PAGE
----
Microbial communities in saline lakes of the Vestfold Hills (eastern Antarctica)
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- Perriss, S. & Laybourn-Parry, J. Polar Biol (1997) 18: 135. doi:10.1007/s003000050168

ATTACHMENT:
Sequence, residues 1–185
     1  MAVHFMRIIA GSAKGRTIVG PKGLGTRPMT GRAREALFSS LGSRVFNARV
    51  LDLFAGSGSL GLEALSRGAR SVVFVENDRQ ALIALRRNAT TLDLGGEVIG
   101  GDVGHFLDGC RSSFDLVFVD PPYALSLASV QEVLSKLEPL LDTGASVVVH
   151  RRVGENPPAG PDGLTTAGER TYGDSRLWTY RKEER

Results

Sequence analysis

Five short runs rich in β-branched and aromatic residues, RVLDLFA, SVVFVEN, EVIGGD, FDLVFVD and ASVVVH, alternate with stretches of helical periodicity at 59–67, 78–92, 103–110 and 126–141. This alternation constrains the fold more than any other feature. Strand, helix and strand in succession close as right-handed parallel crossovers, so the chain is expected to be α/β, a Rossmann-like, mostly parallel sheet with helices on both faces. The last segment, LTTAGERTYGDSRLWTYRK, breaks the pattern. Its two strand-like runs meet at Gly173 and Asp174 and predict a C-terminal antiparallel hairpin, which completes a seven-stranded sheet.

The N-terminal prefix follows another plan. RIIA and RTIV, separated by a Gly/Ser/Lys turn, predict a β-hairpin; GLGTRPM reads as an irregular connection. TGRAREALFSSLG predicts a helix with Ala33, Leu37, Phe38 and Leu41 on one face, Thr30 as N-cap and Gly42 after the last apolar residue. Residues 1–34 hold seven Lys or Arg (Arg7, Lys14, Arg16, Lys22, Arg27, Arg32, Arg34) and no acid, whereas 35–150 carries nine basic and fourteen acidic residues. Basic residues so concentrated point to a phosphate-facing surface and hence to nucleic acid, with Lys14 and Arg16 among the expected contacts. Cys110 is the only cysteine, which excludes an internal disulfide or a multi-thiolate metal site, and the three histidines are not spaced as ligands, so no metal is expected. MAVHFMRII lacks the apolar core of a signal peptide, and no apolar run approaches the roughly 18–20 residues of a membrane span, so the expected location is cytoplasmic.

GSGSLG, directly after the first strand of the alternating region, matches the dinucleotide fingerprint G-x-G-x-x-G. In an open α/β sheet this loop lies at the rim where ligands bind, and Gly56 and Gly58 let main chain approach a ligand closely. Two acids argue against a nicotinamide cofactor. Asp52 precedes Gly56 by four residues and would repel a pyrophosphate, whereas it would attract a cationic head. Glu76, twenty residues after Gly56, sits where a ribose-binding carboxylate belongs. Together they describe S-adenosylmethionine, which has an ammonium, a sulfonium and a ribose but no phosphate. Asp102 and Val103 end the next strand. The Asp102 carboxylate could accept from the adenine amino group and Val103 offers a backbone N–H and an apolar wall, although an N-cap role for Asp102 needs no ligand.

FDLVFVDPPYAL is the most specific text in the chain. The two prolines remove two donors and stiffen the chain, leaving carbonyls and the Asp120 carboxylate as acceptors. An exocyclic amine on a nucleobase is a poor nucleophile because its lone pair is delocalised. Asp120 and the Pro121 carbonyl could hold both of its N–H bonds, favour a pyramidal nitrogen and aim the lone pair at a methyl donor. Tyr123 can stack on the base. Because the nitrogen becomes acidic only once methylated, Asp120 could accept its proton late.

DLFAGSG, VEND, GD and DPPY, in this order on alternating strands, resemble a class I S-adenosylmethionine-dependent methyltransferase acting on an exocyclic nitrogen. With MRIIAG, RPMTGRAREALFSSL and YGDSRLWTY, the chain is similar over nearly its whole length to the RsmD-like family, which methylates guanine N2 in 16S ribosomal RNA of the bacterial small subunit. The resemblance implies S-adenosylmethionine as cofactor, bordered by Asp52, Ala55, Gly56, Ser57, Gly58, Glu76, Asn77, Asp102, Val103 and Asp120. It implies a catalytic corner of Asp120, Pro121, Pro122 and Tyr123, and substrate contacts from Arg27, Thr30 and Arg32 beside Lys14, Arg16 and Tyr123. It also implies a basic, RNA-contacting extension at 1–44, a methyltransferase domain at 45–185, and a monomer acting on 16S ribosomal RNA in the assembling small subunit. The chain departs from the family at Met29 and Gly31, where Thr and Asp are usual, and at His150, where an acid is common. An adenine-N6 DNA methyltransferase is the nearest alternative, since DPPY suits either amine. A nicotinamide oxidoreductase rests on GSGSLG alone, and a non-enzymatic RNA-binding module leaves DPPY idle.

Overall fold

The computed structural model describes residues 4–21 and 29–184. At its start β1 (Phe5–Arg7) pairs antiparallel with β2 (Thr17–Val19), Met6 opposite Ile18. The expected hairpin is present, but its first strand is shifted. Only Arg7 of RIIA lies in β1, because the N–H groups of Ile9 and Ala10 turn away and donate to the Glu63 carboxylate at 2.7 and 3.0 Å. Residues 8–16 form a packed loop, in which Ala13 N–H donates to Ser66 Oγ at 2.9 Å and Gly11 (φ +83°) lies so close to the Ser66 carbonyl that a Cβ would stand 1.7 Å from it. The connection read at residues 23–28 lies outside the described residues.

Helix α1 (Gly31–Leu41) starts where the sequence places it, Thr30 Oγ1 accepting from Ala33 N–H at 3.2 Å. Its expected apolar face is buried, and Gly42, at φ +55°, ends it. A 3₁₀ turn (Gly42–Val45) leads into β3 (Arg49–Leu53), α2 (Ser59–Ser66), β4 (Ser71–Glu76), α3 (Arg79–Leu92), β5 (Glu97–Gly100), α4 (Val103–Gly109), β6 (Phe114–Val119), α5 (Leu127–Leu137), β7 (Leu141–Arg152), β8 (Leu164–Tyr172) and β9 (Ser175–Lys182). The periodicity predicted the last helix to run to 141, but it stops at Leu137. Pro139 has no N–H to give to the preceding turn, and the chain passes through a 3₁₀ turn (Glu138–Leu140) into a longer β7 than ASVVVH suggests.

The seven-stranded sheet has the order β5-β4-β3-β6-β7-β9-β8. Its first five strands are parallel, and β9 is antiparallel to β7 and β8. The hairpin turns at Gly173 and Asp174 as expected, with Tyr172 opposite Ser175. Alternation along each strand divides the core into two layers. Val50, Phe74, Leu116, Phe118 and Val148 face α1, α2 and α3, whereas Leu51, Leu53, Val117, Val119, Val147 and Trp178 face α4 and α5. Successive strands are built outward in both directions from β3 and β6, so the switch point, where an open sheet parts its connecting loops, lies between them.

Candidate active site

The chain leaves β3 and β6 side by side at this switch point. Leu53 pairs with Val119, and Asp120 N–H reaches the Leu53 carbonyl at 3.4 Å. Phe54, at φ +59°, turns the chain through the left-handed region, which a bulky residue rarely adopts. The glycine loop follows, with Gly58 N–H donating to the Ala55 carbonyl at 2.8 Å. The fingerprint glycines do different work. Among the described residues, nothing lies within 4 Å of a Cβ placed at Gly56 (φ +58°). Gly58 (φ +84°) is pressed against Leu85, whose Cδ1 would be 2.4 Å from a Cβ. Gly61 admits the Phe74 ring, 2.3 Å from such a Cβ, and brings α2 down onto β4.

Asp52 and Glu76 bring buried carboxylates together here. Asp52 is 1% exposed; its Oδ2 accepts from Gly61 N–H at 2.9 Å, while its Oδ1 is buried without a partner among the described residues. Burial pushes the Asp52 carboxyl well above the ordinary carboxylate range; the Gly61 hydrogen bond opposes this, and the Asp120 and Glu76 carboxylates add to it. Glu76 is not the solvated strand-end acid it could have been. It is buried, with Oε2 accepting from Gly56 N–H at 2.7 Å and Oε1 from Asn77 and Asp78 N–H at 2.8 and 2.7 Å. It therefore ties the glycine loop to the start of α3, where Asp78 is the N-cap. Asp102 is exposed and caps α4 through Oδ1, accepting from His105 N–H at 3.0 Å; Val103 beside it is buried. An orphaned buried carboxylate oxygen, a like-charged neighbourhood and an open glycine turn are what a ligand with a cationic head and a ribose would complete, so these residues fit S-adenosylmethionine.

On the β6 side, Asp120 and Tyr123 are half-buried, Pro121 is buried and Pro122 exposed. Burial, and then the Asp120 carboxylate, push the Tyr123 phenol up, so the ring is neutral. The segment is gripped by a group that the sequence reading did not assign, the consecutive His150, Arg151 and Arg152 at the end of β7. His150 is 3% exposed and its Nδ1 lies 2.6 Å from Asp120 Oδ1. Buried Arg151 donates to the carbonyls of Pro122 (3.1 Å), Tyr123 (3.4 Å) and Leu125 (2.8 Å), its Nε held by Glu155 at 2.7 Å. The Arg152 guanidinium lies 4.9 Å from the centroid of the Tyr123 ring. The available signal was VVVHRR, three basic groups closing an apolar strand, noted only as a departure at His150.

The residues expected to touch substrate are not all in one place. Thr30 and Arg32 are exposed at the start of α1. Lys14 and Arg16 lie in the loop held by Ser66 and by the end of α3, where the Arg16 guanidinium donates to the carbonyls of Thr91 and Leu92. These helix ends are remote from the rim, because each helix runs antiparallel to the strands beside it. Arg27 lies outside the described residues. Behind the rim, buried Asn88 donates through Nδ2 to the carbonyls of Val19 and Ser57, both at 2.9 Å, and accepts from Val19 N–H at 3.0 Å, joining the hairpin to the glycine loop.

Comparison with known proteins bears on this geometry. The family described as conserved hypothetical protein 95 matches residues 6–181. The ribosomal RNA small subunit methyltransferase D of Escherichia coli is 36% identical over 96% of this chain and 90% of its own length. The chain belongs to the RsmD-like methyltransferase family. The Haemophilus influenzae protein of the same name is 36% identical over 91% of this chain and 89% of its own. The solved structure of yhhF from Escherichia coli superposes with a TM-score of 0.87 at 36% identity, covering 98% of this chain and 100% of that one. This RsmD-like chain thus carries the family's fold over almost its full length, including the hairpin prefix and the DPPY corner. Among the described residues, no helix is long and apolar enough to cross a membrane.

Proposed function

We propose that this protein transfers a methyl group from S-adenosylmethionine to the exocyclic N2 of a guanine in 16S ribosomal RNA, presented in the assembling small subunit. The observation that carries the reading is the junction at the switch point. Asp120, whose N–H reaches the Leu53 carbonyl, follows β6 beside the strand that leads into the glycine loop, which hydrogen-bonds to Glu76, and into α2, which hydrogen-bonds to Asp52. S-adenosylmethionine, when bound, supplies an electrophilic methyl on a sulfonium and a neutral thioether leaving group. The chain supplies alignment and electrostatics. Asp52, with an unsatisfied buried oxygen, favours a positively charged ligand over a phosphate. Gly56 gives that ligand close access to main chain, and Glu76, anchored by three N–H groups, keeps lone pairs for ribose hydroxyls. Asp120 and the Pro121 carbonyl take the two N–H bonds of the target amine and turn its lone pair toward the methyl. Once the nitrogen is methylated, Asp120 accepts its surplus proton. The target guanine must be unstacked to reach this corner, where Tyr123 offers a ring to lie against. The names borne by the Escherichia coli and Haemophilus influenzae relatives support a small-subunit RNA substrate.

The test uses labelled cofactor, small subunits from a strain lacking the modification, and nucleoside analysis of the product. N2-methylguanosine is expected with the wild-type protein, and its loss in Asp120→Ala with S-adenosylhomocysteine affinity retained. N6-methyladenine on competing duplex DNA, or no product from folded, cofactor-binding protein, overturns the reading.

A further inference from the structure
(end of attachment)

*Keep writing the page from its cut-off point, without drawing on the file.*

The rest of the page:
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A detailed survey was undertaken of the microbial communities of 16 saline lakes in the Vestfold Hills (Princess Elizabeth Land, eastern Antarctica), which ranged in salinity from slightly brackish (4–5‰) to hypersaline (maximum: 174‰). Temperatures at comparable sampling depths in the lakes ranged from −12.2°C to +10.5°C. Ranges in the abundances of bacteria, heterotrophic nanoflagellates (HNAN) and phototrophic nanoflagellates (PNAN) were 1.40 × 107 l−1–1.58 × 1010 l−1, 4.83 × 104 l−1–1.70 × 107 l−1 and 0–1.02 × 107 l−1, respectively. There was considerable variation across the salinity spectrum, though in the case of bacteria and PNAN significantly higher concentrations of cells were seen in two of the most saline lakes. The autotrophic ciliate Mesodinium rubrum occurred in all but five of the lakes and was found at salinity levels up to 108‰. Heterotrophic ciliates were generally scarce. Dinoflagellates, particularly Gonyaulax c.f. tamarensis, Gyrodinium lachryma and Gymnodinium sp., occurred in the majority of the lakes. On the basis of chlorophyll a concentrations, nutrient levels and microplankton concentrations the lakes spanned the spectrum from ultra-oligotrophic to oligo/mesotrophic. The most saline lakes had much reduced species diversity compared with the less saline environments. Isolation from the marine environment has led to nutrient depletion, simplification and a truncated trophic structure.
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